Sparrows are small songbirds found worldwide, except in Antarctica. Two types of sparrows exist. Old World Sparrows are in the family Passeridae and are often referred to as True Sparrows.
New World Sparrows are in the family of Passerellidae and look like finches. This family is most closely related to the Buntings and not closely related to the Old World Sparrows.
Also Read: Female House Finch vs House Sparrow
Old World Sparrows are native to Europe, Asia, and Africa but have become naturalized to the Americas and Australia after introductions. Sparrows occupy many habitat types and eat a variety of foods that depend on the habitat they use.
Sparrows commonly eat seeds, grains, nuts, fruits, vegetation, and small insects. They are also opportunists that eat some human foods and scraps they find when their preferred foods are scarce.
The most desired food by sparrows is sunflower seeds. Other seeds they enjoy include safflower, thistle, millet, oats, and any kind of livestock grain. Many birdfeed blends that people can purchase commercially contain many of these seeds.
Sparrows are highly adaptable and not only survive but thrive in human-affected landscapes such as urban areas, suburban neighborhoods, agricultural fields, gardens, and even industrial areas where few birds, other than opportunists like pigeons, live.
What Do Baby Sparrows Eat?
Baby sparrows eat whatever insects their parents can forage for them until they are old enough to leave the nest and begin foraging for themselves on other types of foods such as seeds and grains. The male sparrow typically does most of the feeding once the chicks start fledging.
Young sparrows require sufficient protein to sustain the development process, and the insects that parents forage promote excellent growth. The baby sparrows need this insect diet for at least the first two weeks after hatching until fledging occurs.
Common insects they feed on during the spring nesting and breeding season include caterpillars, ants, aphids, bees, wasps, and other insects the sparrow parents can catch.
Most of their diet is insect-based during the nestling phase, but a small proportion comes from other items the parents can find, such as fruits. Once the birds reach about two weeks of age, their parents begin feeding tougher foods to them, such as grains, seeds, and nuts.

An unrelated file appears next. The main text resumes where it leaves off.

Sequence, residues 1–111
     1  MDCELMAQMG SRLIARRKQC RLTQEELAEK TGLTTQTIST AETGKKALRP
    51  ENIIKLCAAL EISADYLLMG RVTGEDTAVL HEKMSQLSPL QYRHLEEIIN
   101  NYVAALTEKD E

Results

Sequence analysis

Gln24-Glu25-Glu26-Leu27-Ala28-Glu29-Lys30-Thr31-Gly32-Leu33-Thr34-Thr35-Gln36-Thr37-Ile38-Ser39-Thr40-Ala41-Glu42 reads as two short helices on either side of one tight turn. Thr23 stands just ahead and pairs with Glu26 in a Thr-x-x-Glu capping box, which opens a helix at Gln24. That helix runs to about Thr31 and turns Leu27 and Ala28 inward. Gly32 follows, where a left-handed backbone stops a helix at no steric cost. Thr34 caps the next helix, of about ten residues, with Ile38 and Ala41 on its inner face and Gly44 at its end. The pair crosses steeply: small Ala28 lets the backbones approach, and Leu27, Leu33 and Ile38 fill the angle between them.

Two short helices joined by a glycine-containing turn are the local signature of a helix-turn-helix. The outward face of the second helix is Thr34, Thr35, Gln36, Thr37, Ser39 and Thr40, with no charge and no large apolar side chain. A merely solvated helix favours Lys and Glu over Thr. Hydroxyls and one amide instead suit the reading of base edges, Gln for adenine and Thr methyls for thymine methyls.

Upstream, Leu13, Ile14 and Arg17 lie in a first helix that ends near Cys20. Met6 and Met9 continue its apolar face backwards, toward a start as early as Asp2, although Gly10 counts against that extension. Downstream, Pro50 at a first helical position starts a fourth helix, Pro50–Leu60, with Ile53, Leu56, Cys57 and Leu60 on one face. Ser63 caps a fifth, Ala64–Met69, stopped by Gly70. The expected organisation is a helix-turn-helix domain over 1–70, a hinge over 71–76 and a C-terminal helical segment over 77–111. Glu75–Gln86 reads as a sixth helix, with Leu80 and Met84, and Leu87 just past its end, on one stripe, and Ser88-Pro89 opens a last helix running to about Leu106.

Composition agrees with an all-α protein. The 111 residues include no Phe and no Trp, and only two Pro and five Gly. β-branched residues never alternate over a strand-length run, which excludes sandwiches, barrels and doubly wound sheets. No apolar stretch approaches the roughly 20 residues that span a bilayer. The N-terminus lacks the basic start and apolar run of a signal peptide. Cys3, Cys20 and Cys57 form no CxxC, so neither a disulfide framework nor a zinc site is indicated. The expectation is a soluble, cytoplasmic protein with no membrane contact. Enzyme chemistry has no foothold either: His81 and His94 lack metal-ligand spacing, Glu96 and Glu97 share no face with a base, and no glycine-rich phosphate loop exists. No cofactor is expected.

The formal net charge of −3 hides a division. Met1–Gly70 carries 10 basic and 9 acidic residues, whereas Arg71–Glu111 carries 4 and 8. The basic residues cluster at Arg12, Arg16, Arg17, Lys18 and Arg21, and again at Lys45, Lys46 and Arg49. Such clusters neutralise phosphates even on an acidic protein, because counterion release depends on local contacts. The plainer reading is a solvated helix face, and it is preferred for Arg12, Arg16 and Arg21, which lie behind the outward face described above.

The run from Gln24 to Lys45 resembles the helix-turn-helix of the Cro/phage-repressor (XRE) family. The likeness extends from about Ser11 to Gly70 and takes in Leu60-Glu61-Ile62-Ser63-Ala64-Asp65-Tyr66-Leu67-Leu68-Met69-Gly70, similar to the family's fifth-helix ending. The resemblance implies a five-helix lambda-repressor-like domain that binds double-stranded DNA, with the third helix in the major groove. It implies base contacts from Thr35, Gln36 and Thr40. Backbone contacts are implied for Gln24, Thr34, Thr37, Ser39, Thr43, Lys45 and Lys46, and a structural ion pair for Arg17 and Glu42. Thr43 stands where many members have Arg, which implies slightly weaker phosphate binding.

Supplemental feeding of sparrows by humans during the breeding season can help improve the nestling health. Parent sparrows that forage from high-quality human sources raise healthier young.
What Do Sparrows Eat in Summer?
During the summer, food is plentiful, and sparrows can feast on the most nutritious foods. Rural sparrows may feed on grains fed to livestock, picking up the scraps left behind by farm animals. They sometimes forage in rural and urban gardens by eating pieces of fruits or vegetables.
People who want to attract sparrows to their suburban or rural yards can plant native grasses, ornamental grasses, and sunflowers. They should avoid using herbicides to kill less desirable plants, such as ragweed, crabgrass, and wheat, that sparrows use for forage.
What Do Sparrows Eat in Winter?
During the winter, food is more scarce. Many homeowners put out birdfeed throughout the winter to help supplement the diet of resident birds. Sparrows are like many birds thriving in human communities and take advantage of these abundant food sources.
Foods containing high energy and high protein are necessary during winter for sparrows. People can put out peanuts or birdseed coated with suet to supply birds with protein. Insects are scarce during winter, so they do not consume much protein from that source.
What is the Best Bird Food for Sparrows?
Sparrows mostly consume seeds and grains but a lower percentage of insects, fruit, and vegetable matter. These birds require a variety of foods in their diet to maintain maximum health.
The best bird foods for sparrows include a mix of sunflower seeds, safflower seeds, cracked corn, thistle seed, peanuts, and millet. Sparrows usually like to forage for seeds on the ground, so spreading it out in the grass is optimal.
Sparrows also need to eat protein in addition to seeds and grains. Their preferred protein source is mealworms, although they will eat suet mixed with bird seed. Birdseed with protein is especially important during the breeding season.
According to some studies, sparrows prefer millet to native grass seeds and depend on grain availability from some agricultural sources. This preference can cause sparrows problems when they lose these high-quality food sources, and they must choose lower-quality foods.